# encryption – byte operations (XOR) in python

## encryption – byte operations (XOR) in python

## Comparison of two python3 solutions

The first one is based on zip:

```
def encrypt1(var, key):
return bytes(a ^ b for a, b in zip(var, key))
```

The second one uses int.from_bytes and int.to_bytes:

```
def encrypt2(var, key, byteorder=sys.byteorder):
key, var = key[:len(var)], var[:len(key)]
int_var = int.from_bytes(var, byteorder)
int_key = int.from_bytes(key, byteorder)
int_enc = int_var ^ int_key
return int_enc.to_bytes(len(var), byteorder)
```

Simple tests:

```
assert encrypt1(bhello, bsupersecretkey) == bx1bx10x1ctx1d
assert encrypt2(bhello, bsupersecretkey) == bx1bx10x1ctx1d
```

Performance tests with `var`

and `key`

being 1000 bytes long:

```
$ python3 -m timeit
-s import test_xor;a=babcdefghij*100;b=b0123456789*100
test_xor.encrypt1(a, b)
10000 loops, best of 3: 100 usec per loop
$ python3 -m timeit
-s import test_xor;a=babcdefghij*100;b=b0123456789*100
test_xor.encrypt2(a, b)
100000 loops, best of 3: 5.1 usec per loop
```

The integer approach seems to be significantly faster.

It looks like what you need to do is XOR each of the characters in the message with the corresponding character in the key. However, to do that you need a bit of interconversion using `ord`

and `chr`

, because you can only xor numbers, not strings:

```
>>> encrypted = [ chr(ord(a) ^ ord(b)) for (a,b) in zip(var, key) ]
>>> encrypted
[x1b, x10, x1c, t, x1d]
>>> decrypted = [ chr(ord(a) ^ ord(b)) for (a,b) in zip(encrypted, key) ]
>>> decrypted
[h, e, l, l, o]
>>> .join(decrypted)
hello
```

Note that `binascii.a2b_qp(hello)`

just converts a string to another string (though possibly with different encoding).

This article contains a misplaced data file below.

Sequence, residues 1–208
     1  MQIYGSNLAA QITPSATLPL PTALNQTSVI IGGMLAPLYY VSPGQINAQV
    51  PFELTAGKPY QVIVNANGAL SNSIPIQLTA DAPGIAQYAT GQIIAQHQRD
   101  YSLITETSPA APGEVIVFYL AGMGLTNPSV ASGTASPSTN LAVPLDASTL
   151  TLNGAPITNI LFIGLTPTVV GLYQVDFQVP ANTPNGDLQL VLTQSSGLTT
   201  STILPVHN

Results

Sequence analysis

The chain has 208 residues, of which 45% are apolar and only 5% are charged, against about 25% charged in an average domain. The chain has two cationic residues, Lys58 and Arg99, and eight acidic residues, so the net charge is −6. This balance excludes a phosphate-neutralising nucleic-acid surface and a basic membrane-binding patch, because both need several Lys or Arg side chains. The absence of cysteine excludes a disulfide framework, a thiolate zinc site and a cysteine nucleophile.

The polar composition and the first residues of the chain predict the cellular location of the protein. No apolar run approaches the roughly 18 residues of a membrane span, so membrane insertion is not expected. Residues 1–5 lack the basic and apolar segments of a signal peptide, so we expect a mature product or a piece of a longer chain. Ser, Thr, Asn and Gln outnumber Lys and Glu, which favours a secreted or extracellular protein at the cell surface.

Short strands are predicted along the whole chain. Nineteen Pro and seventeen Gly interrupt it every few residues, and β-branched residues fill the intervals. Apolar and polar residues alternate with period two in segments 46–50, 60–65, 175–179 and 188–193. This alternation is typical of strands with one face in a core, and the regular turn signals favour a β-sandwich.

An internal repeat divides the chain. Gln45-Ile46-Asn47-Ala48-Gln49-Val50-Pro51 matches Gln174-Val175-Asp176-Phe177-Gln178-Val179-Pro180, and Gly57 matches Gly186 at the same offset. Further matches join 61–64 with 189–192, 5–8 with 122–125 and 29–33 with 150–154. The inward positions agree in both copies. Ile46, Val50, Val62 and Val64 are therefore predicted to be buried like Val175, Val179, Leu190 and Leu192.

Your approach, and my code above, will only work if the key is at least as long as the message. However, you can easily repeat the key if required using `itertools.cycle`

:

```
>>> from itertools import cycle
>>> var=hello
>>> key=xy
>>> encrypted = [ chr(ord(a) ^ ord(b)) for (a,b) in zip(var, cycle(key)) ]
>>> encrypted
[x10, x1c, x14, x15, x17]
>>> decrypted = [ chr(ord(a) ^ ord(b)) for (a,b) in zip(encrypted, cycle(key)) ]
>>> .join(decrypted)
hello
```

To address the issue of unicode/multi-byte characters (raised in the comments below), one can convert the string (and key) to bytes, zip these together, then perform the XOR, something like:

```
>>> var=uhellou2764
>>> var
hello❤
>>> encrypted = [ a ^ b for (a,b) in zip(bytes(var, utf-8),cycle(bytes(key, utf-8))) ]
>>> encrypted
[27, 16, 28, 9, 29, 145, 248, 199]
>>> decrypted = [ a ^ b for (a,b) in zip(bytes(encrypted), cycle(bytes(key, utf-8))) ]
>>> decrypted
[104, 101, 108, 108, 111, 226, 157, 164]
>>> bytes(decrypted)
bhelloxe2x9dxa4
>>> bytes(decrypted).decode()
hello❤
```

#### encryption – byte operations (XOR) in python

You can use Numpy to perform faster

```
import numpy as np
def encrypt(var, key):
a = np.frombuffer(var, dtype = np.uint8)
b = np.frombuffer(key, dtype = np.uint8)
return (a^b).tobytes()
```